Age and injury are two causes of acromioclavicular joint (ACJ) osteoarthritis, a painful condition that could also hinder movement in your shoulder. Sports Med London offers world-class treatment in a comfortable setting.
A Small But Important Joint
Located at the top of the shoulder, the ACJ is formed by the meeting of the collarbones’ outer ends (lateral clavicles) and a part of the shoulder blade (the acromion). The ends of the bones are covered by cartilage, which acts as a lubricating cushion.
A thin protective capsule surrounds the joint, and it is supported by the coracoclavicular ligaments (the conoid and trapezoid ligaments). The ACJ stabilises the shoulder during movement and when you put weight on your arms.
Osteoarthritis In The Joint
Osteoarthritis is one of the most common conditions that affects the ACJ. The joint becomes larger (hypertrophies) and bony spurs might form on it. The enlargement of the joint can cause pain, while the bony spurs might catch a shoulder tendon and affect your movement.
Age, repeated use of the joint, and degenerative changes that happen after an injury are some causes of ACJ osteoarthritis. The condition is relatively common among people who often work with their arms above should level with loads or other repetitive resistance, such as athletes who weight-lift regularly, builders, construction workers, electricians, and plumbers. Persistent instability of the joint also can lead to ACJ osteoarthritis.
Symptoms Of ACJ Osteoarthritis
Symptoms of ACJ osteoarthritis include:
- Pain when lying on the affected side
- Pain when lifting your arms above shoulder level, especially during heavy work
- Pain when moving your arm across your body at shoulder level
- ACJ area is tender
- ACJ is swollen or mildly deformed
Diagnosing ACJ Osteoarthritis
When diagnosing ACJ osteoarthritis, our specialist will ask you about the history of your complaint and perform a physical examination of the joint. You might be sent for a plain X-ray and/or an ultrasound or MRI scan if the specialist suspects you might have another condition or a more serious injury.
Treating ACJ Osteoarthritis
We offer non-surgical and surgical treatment for ACJ osteoarthritis at Sports Med London.
In most cases, the initial treatment is non-surgical. Our specialists may recommend simple painkillers (analgesia) and physiotherapy, or they may recommend a cortisone injection that will be followed by a bespoke physiotherapy programme. You also would need to limit activities in which you raise your arm above shoulder height.
If non-surgical treatment does not work, our specialist may recommend surgical treatment. Surgery may be performed via a small cut (arthroscopic or keyhole), or it may be open surgery via a larger incision. You may need to use a sling for a few days after surgery. A physiotherapy rehabilitation programme will follow your surgery.
What is Acromio-Clavicular Joint (ACJ) osteoarthritis?
Many conditions may affect the acromioclavicular joint (ACJ) including sprains, dislocations, fractures, infections, inflammation and arthritis.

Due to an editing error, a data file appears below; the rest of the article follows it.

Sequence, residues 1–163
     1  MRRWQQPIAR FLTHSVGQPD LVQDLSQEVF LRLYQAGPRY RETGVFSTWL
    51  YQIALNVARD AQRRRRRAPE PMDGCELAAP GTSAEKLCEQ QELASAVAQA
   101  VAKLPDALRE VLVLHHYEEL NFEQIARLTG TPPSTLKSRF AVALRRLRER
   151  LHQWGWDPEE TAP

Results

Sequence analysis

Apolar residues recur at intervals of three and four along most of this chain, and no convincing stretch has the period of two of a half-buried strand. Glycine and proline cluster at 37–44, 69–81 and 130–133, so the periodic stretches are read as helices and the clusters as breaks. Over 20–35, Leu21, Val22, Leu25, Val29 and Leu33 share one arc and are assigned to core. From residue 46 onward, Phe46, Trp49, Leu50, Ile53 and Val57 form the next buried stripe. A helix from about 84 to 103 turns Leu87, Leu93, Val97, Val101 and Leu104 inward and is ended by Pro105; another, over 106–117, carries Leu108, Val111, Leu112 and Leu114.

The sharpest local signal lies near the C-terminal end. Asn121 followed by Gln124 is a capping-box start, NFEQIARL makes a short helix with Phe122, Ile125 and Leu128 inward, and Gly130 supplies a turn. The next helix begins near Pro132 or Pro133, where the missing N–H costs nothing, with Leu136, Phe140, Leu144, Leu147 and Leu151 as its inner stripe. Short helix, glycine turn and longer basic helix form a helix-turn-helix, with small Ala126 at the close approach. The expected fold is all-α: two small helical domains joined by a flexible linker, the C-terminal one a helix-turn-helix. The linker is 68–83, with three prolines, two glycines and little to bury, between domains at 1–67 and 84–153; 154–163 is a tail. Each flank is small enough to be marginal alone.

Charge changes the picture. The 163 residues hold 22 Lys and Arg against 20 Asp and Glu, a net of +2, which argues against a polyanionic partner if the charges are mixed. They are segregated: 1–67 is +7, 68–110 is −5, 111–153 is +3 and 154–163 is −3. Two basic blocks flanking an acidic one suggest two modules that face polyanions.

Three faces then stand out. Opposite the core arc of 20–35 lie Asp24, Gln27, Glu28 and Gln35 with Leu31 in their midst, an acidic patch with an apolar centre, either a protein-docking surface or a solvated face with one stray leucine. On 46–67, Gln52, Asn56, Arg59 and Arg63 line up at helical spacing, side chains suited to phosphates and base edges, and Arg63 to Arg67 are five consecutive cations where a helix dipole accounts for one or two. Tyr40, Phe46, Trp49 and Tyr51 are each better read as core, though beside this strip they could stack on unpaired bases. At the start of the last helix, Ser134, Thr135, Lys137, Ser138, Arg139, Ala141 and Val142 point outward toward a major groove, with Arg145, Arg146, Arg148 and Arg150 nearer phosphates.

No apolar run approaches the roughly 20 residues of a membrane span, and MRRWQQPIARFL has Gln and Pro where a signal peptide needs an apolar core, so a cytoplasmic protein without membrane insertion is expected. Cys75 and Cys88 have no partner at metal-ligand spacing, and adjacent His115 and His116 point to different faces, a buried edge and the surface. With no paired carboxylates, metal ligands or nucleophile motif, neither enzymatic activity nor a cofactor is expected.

Osteoarthritis of the ACJ is very common. With age, with regular use or following injury degenerative changes take place within the acromioclavicular joint. The joint becomes larger (hypertrophies) which can result in pain and it may form bony spurs that sometimes catch the underlying tendon in the shoulder causing impingement.
Who gets ACJ osteoarthritis?
This frequently occurs in individuals who spend a lot of time with their arms above shoulder level with repetitive resistance or loads. Not infrequently it is seen in scaffolders, builders, construction workers, electricians and plumbers as well as athletes regularly engaging in weight-lifting, loaded above shoulder level sports or contact sports who keep injuring their shoulder. Repetitive injuries to the ACJ or persisting instability may result in osteoarthritis of the ACJ
What symptoms occur with ACJ osteoarthritis?
Patients may complain of pain when lying on the affected side, pain when lifting their arms above shoulder level especially when trying to perform heavy work and pain when trying to move their arm across their body. They are often tender over the acromioclavicular joint and there may be a mild deformity or swelling.
How is ACJ osteoarthritis diagnosed?
Normally a careful history and physical examination will give the diagnosis. Often a plain X-ray is performed to confirm the clinical findings. Occasionally an ultrasound scan or an MRI may be requested if other pathologies are suspected.
How is ACJ osteoarthritis treated? Surgical VS Non-Surgical management
Treatment initially is conservative with physiotherapy and analgesia (painkillers). A cortisone injection will improve the symptoms significantly in a large number of patients but needs to be followed with a tailored physiotherapy programme to regain range of movement and avoid excessive loading of the joint with overhead activities.
Surgery is indicated where conservative treatment has failed and for those with advanced disease such as the presence of a bone spur. This is usually an excision of the acromioclavicular joint and usually is performed arthroscopically (often in conjunction with a subacromial decompression). The procedure is often performed arthroscopically (keyhole surgery) but may be performed through an open approach involving an incision on the top of the shoulder. Sometimes the shoulder is immobilised in a sling postoperatively for a few days for comfort.
Following surgery, a rehabilitation program with physiotherapy is commenced to help you return to your normal day to day activities. The progress of this is dictated by patients meeting milestones and is run under the supervision of the surgeon and specially trained physiotherapist.